Sipping holy water three times, while repeating God’s name, is believed to make one pure. It is the rite of achamana. Then, there’s jalaanjali, whereby a handful of water is offered to God to make its every drop holy. Performing jalajapam involves chanting mantras while standing in holy waters; it is said to amplify the impact of the mantras. Jalaadhara is a kind of penance observed by standing under a strong current of a waterfall; the water pressure on the head is said to remove evil thoughts from one’s mind.
Hindu customs are never devoid of water in their rites. Jala–water–is considered a pure and precious element in the Hindu culture, and is therefore likened to nectar, medicine, even amrit (drink of immortality). Running water–like in rivers–is considered particularly pure. Moving water is known to increase negative ions in the environment, which improves one’s sense of wellbeing. No wonder Hindus believe a bath in holy rivers can further one on their path to attaining moksha. Here is Soulveda exploring the stories behind some of the most revered pilgrim rivers for a holy bath:
Haridwar in North India is home to a significant landmark–Har Ki Pauri–that is considered holy by the Hindus. The site is on the bank of River Ganga, where Garuda (a mythical bird) is said to have dropped some amrita (nectar of immortality) from a pitcher, after the Samudra Manthan [the mythical battle of the gods with asuras (demon clan) over amrita]. So, a dip in these waters of Ganga is known to bestow good immunity and robust health upon devotees.
The name ‘Har Ki Pauri’ literally translates to ‘Lord Shiva’s steps’. Yet another legend goes that Lord Vishnu (the preserver) and Lord Shiva (the destroyer) once visited the brahmakund (stepped temple tank) here. Devotees believe that the large footprint on a stone wall by the tank is Vishnu’s. Even Lord Brahma (the creator) is said to have visited the pond to perform a yagna (sacrificial ritual). So, a dip in Har Ki Pauri is considered all the more holy for the presence of trimurti (divine trinity) energies, which can balance the mind, body, and soul of the devotees.
The city of Surat, in Gujarat, was previously known as ‘Suryapur’, meaning the ‘City Of Sun’. It probably derives its name from the legend about the Tapti river that flows in its land. According to Hindu Puranas, Tapti is the daughter of Sun God Surya. They say Surya created Tapti to save himself from the intensity of his own heat, and that every solar eclipse, he meets with his daughter. Therefore, a holy bath in the River Tapti is considered especially auspicious during the celestial event.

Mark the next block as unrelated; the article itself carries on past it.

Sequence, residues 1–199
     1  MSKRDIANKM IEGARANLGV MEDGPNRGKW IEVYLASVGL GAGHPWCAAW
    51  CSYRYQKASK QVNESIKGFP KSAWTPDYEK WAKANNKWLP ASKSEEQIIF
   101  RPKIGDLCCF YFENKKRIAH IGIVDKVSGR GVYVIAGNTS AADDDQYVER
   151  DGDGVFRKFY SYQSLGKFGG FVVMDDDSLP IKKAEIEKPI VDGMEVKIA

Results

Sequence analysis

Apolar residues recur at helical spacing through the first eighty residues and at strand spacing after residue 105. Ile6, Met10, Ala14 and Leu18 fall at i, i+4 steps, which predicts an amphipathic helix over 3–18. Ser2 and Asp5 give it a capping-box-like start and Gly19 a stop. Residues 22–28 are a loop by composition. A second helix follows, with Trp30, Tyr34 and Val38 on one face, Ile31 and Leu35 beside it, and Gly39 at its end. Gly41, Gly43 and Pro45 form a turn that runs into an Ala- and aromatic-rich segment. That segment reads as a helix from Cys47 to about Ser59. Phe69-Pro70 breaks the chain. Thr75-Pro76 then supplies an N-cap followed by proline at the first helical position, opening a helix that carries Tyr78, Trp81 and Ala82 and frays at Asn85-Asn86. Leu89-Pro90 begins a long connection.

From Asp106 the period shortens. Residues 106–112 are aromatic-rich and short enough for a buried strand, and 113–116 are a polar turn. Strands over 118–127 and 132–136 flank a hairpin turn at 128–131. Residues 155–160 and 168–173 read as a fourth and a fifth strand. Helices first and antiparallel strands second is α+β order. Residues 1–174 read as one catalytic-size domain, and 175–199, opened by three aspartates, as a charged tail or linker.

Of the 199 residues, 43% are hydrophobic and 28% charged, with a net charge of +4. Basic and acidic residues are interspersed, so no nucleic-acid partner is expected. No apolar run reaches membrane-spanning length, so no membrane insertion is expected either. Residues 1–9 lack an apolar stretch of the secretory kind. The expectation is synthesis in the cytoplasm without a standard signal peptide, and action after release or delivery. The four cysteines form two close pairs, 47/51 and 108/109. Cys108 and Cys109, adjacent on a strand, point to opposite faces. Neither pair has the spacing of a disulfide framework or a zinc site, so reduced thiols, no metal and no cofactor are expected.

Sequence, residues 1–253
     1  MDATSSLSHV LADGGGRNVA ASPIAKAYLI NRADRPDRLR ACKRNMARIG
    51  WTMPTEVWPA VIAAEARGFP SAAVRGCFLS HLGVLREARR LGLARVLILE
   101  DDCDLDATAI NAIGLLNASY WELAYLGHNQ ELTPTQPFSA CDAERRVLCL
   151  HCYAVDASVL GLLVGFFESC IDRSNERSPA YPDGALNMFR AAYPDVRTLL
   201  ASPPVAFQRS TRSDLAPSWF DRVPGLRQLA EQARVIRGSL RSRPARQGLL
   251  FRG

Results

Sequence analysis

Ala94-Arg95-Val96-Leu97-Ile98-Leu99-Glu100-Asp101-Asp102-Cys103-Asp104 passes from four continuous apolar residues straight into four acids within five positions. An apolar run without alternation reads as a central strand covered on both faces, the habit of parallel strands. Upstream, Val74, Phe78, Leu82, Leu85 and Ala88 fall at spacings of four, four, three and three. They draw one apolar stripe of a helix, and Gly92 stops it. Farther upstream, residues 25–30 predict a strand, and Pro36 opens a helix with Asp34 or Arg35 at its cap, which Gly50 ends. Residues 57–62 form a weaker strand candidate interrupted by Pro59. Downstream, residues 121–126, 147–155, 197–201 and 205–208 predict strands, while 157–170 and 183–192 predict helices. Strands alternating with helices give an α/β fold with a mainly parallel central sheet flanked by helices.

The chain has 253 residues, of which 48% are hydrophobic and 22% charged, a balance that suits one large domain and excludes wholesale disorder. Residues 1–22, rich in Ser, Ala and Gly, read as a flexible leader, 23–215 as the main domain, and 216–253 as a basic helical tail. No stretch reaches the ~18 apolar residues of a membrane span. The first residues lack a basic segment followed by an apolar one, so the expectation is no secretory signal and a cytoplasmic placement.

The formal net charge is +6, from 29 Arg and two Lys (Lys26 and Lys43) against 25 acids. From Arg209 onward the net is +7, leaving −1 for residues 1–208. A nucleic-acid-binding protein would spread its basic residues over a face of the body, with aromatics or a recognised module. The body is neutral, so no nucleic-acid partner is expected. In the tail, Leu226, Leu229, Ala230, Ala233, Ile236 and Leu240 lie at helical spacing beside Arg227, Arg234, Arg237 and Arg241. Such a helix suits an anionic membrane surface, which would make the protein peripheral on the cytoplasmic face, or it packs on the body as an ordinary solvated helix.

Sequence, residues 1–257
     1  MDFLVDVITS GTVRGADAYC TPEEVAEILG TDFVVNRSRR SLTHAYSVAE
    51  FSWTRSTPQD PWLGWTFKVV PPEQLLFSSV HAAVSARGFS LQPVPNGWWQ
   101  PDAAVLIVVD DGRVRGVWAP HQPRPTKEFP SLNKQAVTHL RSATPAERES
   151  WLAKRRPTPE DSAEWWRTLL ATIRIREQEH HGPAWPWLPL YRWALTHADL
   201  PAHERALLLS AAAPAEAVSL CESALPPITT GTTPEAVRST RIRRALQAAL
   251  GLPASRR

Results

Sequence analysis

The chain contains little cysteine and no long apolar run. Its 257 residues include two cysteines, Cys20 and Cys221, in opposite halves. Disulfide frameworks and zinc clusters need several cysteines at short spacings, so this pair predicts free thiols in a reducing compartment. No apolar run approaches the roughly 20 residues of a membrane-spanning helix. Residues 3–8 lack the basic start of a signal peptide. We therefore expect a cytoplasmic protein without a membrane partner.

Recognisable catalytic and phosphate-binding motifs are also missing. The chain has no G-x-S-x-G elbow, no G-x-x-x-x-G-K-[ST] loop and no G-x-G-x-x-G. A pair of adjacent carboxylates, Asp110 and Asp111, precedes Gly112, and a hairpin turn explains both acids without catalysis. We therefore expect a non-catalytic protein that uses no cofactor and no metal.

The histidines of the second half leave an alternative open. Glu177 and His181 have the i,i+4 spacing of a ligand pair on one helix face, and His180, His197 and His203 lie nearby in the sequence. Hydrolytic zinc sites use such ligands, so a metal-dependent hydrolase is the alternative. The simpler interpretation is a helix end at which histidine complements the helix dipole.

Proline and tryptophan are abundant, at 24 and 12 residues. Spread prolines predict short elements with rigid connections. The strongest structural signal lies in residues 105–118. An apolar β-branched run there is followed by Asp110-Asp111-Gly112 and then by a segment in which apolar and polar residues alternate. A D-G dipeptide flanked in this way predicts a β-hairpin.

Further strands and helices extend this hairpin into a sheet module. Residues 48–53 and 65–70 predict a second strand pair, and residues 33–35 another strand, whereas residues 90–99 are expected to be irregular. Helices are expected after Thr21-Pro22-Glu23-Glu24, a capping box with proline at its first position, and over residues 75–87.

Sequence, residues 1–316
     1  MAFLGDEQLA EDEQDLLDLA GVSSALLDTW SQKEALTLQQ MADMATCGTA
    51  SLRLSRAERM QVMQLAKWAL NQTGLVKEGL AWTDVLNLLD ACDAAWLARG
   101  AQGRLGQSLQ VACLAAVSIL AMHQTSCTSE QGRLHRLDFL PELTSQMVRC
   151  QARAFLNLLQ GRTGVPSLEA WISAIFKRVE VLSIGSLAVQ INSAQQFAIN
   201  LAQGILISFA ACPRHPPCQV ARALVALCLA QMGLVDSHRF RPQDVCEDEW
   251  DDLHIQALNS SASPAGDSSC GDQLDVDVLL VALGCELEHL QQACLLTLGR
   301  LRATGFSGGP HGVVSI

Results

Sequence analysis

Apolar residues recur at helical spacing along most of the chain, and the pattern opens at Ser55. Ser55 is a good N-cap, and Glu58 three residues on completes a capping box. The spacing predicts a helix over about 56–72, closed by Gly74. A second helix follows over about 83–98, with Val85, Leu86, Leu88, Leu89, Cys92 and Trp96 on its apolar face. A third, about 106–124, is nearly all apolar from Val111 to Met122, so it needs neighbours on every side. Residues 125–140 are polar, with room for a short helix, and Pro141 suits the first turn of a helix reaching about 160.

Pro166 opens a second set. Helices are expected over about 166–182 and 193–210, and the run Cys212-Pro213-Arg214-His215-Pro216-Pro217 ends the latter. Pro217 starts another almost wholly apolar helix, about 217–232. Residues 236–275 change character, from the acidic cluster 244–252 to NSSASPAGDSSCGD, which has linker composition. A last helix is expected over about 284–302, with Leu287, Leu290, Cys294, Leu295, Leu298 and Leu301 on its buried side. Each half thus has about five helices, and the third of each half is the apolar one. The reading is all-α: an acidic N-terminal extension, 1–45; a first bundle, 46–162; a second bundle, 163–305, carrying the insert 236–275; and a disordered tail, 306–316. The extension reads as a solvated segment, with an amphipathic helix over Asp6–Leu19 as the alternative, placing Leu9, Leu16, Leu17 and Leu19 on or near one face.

As fate would have it, King Dasharatha indeed experienced immense grief when he was forced to send his eldest son Lord Rama on exile. The king died before he could ever see his son again.
The city of Ayodhya needs no introduction. Believed to be the birthplace of Lord Rama, and the setting of the Hindu epic Mahabharata, Ayodhya is considered one of the holiest places in India. This city is also home to River Sarayu, one of the sacred water bodies according to Hindu scriptures.
Legend has it that King Dasharatha (Lord Rama’s father) accidentally killed Shravan Kumar (a devoted son who was carrying his old and blind parents on a balance), by the River Sarayu. Even though Dasharatha apologised to the parents for his folly, their pain was too much to bear. And so, the old couple cursed the king with putrashoka (the grief of the loss of a son). As fate would have it, King Dasharatha indeed experienced immense grief when he was forced to send his eldest son Lord Rama on exile. The king died before he could ever see his son again. Later, when Lord Rama returned to Ayodhya, he divided the kingdom between his sons Lava and Kusha, before submerging himself in the waters of Sarayu. Therefore, devotees today believe a bath in this river can wash away their sins and provide moksha.